A much more interesting value investment is presented by Guess' (NYSE: GES). The share price of this a mid cap apparel store chain has fallen to $25 on bad earnigns results. After reporting same-store sales were down 8.5% in North America, shares of this stock have dropped 14.5%, and they now trade at attractive valuation multiples, both on an absolute basis and also relative to other mid cap apparel stocks. At a value of 0.81, this stock trades at a fraction of the S&P price-to-sales average multiple. Guess' shares are valued at a compelling  9.8 price-to-earnings ratio, a value which is significantly lower than the 14.2 average of the S&P 500. The firm's reasonable 0.01 debt-to-equity ratio demonstrates that it's not over-leveraged or suffering from a weak balance sheet. Investors should consider buying stock in Guess’ because its growth trends in the medium term are attractive and its valuations are compelling.

Guess’ is also an attractive stock for dividend income. Shares pay a dividend yield of 3.21%, which is much higher than the 1.82% yield of the 10-year treasury bond. Future dividend payments are likely because the company pays out 0.32 of earnings as dividends, so earnings could drop considerably before dividends would have to be cut.

Guess’ is also an interesting alternative to Michael Kors because it is a stealth play on the Asian consumer growth. In its most recent quarterly filing, Guess’ revealed that net sales were down for developed markets, but that the Asian segment is still experiencing growth:

<table> <tbody> <tr> <td> <p><strong>Net revenue:</strong></p> </td> <td> <p><strong>Q2 2012</strong></p> </td> <td> <p><strong>Q2 2011</strong></p> </td> <td> <p><strong>% Change</strong></p> </td> </tr> <tr> <td> <p>Europe</p> </td> <td> <p>246,917</p> </td> <td> <p>288,818</p> </td> <td> <p>-14.5%</p> </td> </tr> <tr> <td> <p>North American Retail</p> </td> <td> <p>253,012</p> </td> <td> <p>261,053</p> </td> <td> <p>-3.1%</p> </td> </tr> <tr> <td> <p><strong>Asia</strong></p> </td> <td> <p><strong>66,826</strong></p> </td> <td> <p><strong>55,283</strong></p> </td> <td> <p><strong>20.9%</strong></p> </td> </tr> <tr> <td> <p>North American Wholesale</p> </td> <td> <p>41,628</p> </td> <td> <p>43,868</p> </td> <td> <p>-5.1%</p> </td> </tr> <tr> <td> <p>Licensing</p> </td> <td> <p>27,010</p> </td> <td> <p>28,137</p> </td> <td> <p>-4.0%</p> </td> </tr> <tr> <td> <p><strong>Total Net Revenues</strong></p> </td> <td> <p><strong>635,393</strong></p> </td> <td> <p><strong>677,159</strong></p> </td> <td> <p><strong>-6.2%</strong></p> </td> </tr> </tbody> </table>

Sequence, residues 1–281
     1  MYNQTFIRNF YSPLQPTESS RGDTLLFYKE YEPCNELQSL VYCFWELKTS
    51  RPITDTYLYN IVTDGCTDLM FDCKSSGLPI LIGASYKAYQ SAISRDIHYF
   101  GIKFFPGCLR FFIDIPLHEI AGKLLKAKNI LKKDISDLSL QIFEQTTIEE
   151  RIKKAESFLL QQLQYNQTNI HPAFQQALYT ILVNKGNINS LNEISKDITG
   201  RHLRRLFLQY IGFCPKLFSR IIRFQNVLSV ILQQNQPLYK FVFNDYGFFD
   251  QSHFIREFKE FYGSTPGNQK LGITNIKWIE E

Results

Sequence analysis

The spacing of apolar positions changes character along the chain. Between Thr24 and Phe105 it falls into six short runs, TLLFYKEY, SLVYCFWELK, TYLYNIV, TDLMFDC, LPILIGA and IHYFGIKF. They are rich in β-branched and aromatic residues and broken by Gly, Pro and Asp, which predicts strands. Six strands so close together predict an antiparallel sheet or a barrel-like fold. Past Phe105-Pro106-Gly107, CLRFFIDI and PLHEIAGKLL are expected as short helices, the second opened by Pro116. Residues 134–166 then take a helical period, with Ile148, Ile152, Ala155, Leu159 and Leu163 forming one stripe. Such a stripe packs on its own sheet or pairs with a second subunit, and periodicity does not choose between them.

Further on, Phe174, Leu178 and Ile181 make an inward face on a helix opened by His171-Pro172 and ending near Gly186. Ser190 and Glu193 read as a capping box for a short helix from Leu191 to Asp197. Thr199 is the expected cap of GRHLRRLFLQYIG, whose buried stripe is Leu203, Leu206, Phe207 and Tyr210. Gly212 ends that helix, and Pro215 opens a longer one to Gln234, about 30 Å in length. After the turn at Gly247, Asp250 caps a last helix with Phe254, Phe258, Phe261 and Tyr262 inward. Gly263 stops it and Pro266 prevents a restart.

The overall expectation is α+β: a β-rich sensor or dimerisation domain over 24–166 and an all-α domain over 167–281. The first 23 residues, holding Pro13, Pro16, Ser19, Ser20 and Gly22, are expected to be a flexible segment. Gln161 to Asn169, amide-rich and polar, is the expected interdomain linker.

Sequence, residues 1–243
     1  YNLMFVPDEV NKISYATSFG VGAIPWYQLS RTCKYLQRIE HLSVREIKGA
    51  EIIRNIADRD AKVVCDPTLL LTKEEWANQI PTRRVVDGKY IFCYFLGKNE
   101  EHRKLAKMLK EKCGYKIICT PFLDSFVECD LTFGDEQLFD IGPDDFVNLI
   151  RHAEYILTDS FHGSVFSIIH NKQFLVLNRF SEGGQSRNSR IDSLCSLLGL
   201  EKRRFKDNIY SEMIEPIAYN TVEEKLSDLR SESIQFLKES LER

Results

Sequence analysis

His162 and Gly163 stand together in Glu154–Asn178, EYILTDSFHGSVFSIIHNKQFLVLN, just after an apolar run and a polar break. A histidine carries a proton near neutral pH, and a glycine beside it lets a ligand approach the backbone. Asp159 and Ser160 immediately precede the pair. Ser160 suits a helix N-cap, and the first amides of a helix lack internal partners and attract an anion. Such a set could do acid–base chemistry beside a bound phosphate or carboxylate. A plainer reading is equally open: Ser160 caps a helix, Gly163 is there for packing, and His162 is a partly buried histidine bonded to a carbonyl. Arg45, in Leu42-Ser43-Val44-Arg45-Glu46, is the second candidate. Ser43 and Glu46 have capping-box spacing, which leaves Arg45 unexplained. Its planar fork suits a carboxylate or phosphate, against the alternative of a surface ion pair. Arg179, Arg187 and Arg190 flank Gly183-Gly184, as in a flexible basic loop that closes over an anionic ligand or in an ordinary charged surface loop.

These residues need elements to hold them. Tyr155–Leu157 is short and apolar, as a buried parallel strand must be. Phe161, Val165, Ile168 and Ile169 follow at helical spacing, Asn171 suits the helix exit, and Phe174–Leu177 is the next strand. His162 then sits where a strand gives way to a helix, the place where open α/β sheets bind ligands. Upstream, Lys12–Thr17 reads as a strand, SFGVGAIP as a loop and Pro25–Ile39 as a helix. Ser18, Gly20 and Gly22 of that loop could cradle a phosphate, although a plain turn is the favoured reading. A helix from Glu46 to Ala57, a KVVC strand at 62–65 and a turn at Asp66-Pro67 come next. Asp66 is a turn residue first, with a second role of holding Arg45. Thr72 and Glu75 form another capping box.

These results are not bad enough to warrant Guess’ bargain valuations. They would be cause for alarm if shares were trading at high valuations that have priced in growth; but fortunately, they trade at attractively low valuations. An overall year-over-year drop of 6.2% in net sales with growth pockets should not scare away value investors.

Conclusion

Investors should be skeptical of growth stories and huge valuation multiples. The Michael Kors growth story is about the rise of the affluent in China, a very popular macroeconomic phenomenon. Unfortunately, stories like this one sometimes increase stock multiples beyond reasonable levels. Instead of buying shares in Michael Kors, investors should consider Nordstrom or Guess’ as alternatives with reasonable valuations.


BillEdson11 has no positions in the stocks mentioned above. The Motley Fool owns shares of Guess?. Motley Fool newsletter services recommend Guess?. Try any of our Foolish newsletter services free for 30 days. We Fools may not all hold the same opinions, but we all believe that considering a diverse range of insights makes us better investors. The Motley Fool has a disclosure policy.If you have questions about this post or the Fool’s blog network, click here for information.

blog comments powered by Disqus